Results for Think Out Loud (Other Results)
Lawmakers are looking at government employee health care as a way of cutting costs. Eric Cain joins us to discuss his 30-year career with OPB. And we discuss other big news of the week.
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We talk about some big stories with our news roundtable, hear about a recently resurfaced Woody Guthrie song about the Vanport flood, and learn about some of unique challenges in administering healthcare in rural areas.
Do smartphones help or hinder healthcare professionals?
ZoomCare revolutionized the marketplace for on-demand healthcare.
In the past decade, the phrase gluten-free has gone from an obscure term to a household one. Supermarkets now devote entire sections to gluten-free products, and even beer makers have gotten into the act. But what exactly does it mean to say something is gluten-free? The answer has significant health implications not just for those diagnosed with Celiac's disease, but many others who experience gluten-intolerance. The FDA defines gluten-free as a product containing no wheat, barley, rye or hybrids of any of these. However, the gluten-free label is a voluntary one, with the only directive that labels not be untruthful or misleading. Some legislators, including Oregon Senator Ron Wyden, have called for universal requirements for gluten-free labels. The FDA has been working on labeling requirements for gluten-free foods since 2005. Recently, they sent recommended requirements to the Office of Information and Regulatory Affairs (OIRA). Gluten-free advocates are anxiously awaiting OIRA's approval now that the 90-day public comment period has expired.
When he's asked to explain how coordinated care organizations (CCOs) work, Oregon Governor John Kitzhaber has a favorite hypothetical example he likes to bring up. The example goes like this: There's a 92-year-old woman with well-managed congestive heart failure who lives in an un-air-conditioned apartment. A heat wave would be enough of a strain on her system to send her to the emergency room, which would cost a lot of money. Under the new CCO system, Kitzhaber argues, a community health worker would be checking in on this hypothetical nonagenarian and would prevent the expensive emergency room visit by providing her with an air-conditioner. Kitzhaber mentioned this example just last month when we interviewed him at the City Club of Portland and a few weeks later when he spoke to the New York Times. He also used it in a 2011 speech on health care reform and when he was on the campaign trail in 2010. This story left us wondering: Who exactly pays for the air-conditioner? Who decides it's medically necessary? And what about the doctors at the emergency room who never see this patient — how do they get paid under this new system focused on preventative care?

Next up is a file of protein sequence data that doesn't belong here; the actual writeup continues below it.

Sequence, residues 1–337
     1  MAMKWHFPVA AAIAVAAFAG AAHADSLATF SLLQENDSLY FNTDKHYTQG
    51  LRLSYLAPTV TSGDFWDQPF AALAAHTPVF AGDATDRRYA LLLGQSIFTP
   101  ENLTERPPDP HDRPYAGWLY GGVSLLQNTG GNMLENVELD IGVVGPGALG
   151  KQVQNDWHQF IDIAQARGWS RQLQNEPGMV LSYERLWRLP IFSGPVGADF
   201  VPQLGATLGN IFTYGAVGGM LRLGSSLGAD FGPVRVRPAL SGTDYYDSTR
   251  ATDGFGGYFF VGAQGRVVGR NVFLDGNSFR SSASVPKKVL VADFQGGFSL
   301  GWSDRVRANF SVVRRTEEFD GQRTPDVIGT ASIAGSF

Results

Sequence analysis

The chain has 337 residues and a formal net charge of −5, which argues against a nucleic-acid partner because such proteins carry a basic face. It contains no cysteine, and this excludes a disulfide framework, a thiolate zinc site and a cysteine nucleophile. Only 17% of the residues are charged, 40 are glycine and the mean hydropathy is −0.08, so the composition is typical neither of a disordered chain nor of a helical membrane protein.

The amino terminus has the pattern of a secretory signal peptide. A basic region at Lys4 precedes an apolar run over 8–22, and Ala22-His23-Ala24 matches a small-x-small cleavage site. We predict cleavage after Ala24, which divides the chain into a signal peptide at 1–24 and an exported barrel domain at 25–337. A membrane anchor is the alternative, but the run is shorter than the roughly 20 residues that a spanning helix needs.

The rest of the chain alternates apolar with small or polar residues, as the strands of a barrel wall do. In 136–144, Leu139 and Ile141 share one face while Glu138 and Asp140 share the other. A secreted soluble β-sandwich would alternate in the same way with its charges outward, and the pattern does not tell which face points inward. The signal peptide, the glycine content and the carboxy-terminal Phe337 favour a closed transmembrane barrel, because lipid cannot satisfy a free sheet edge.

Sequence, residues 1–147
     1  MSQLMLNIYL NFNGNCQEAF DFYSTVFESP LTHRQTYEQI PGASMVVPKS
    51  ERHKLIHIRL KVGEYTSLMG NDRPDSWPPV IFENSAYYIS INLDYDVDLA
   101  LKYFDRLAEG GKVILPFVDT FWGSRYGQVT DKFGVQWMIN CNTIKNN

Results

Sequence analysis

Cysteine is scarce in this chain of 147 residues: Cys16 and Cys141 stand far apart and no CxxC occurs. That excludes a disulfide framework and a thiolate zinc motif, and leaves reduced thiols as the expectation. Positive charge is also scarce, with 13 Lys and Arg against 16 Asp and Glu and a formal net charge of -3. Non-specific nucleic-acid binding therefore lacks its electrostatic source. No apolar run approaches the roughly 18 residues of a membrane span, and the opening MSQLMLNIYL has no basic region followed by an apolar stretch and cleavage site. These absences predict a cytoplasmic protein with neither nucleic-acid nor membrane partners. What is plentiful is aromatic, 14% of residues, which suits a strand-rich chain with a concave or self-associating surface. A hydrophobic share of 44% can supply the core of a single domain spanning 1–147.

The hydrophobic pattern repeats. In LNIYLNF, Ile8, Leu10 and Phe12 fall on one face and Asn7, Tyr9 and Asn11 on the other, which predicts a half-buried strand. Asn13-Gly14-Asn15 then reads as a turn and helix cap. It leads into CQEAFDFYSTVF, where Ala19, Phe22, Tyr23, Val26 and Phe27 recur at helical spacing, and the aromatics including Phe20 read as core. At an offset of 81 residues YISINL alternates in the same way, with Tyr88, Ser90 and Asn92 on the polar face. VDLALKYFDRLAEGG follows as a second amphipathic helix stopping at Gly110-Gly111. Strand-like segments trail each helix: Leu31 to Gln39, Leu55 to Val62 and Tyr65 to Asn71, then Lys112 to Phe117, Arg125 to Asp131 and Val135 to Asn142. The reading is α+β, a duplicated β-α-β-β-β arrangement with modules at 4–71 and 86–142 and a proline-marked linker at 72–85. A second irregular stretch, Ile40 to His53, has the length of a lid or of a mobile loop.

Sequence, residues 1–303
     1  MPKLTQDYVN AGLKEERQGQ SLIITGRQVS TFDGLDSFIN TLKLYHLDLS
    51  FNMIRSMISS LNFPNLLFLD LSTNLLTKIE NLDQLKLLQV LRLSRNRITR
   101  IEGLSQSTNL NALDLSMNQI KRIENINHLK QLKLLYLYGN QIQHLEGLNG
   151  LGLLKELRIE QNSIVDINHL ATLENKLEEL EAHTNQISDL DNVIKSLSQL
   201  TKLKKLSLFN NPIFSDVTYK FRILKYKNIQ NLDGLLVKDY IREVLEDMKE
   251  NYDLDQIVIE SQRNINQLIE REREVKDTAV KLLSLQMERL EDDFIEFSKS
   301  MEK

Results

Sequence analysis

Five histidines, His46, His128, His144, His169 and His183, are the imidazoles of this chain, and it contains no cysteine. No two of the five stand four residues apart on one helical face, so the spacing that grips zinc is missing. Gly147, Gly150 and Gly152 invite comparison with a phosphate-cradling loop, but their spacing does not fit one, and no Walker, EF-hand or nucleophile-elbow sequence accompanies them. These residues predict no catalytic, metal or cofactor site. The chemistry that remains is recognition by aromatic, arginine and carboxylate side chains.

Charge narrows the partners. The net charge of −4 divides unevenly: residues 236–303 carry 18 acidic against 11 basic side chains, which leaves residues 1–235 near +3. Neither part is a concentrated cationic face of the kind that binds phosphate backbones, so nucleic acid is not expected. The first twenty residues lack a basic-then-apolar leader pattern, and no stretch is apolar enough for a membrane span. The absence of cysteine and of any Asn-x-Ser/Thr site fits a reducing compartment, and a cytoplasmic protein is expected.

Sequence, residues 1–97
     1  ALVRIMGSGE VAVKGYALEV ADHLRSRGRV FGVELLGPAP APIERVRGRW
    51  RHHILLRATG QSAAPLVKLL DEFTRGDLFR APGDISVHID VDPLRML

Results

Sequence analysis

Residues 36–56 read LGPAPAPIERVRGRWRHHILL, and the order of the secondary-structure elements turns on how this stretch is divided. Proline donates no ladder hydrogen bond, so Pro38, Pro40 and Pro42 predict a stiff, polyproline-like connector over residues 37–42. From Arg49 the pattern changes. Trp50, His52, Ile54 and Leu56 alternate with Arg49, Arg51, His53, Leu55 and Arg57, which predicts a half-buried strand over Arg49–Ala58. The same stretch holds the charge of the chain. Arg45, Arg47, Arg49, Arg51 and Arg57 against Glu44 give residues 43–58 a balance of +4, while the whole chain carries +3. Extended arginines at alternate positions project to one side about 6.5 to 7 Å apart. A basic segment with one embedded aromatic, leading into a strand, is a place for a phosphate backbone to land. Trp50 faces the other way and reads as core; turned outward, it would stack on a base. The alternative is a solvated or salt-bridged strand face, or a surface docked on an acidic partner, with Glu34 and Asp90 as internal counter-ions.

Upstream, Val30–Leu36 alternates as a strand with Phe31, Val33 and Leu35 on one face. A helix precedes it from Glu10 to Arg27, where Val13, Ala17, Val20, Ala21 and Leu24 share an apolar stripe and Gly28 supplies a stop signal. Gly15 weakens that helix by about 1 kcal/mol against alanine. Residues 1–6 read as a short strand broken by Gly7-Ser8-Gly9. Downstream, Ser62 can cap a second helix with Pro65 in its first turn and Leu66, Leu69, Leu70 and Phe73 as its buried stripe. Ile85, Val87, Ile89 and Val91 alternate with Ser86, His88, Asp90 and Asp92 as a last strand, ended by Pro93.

Willamette Valley Community Health, the Salem-area coordinated care organization (CCO), is having trouble getting Salem Health to agree with the financial details of its healthcare plans. Salem Health runs the Salem and Dallas hospitals. Last fall it sued the CCO over what it saw as low reimbursement rates. Now a bill in the legislature could kick Salem Health out of the CCO. But stakeholders in other CCOs worry the law may hurt providers in other parts of the state. We'll check in on the disagreement that could threaten the future of the CCO in Salem.
Booth Gardner served as the governor of Washington State from 1985 to 1993. He passed away over the weekend from complications of Parkinson's disease. Having only served as state senator and Pierce County executive before running for governor, he was known for a campaign slogan that winkingly acknowledged his relative statewide anonymity: "Booth Who?" But he overcame his lack of name recognition to become a two-term governor that brought changes to education, healthcare, and land use. After leaving office, he lived a quiet life, until reemerging into political view to advocate for Washington's Death with Dignity Act.
Results for OPB
Governor John Kitzhaber says Oregon will soon test the Obama Administration’s flexibility in healthcare policy.
The health insurance open enrollment season opens this week.
Senator Hillary Clinton brought her struggling presidential bid to a Portland hospital Friday to position healthcare as a central part of her campaign.
The consumer group, OSPIRG, says Oregon’s proposed new healthcare plan could cut medical costs by more than $5 billion over 10 years.
The Oregon Health Authority is holding a meeting in Portland Monday to gather public input on how to put new federal healthcare laws into effect.
Oregon ranks 47th in the nation in a new report on the availability of emergency healthcare.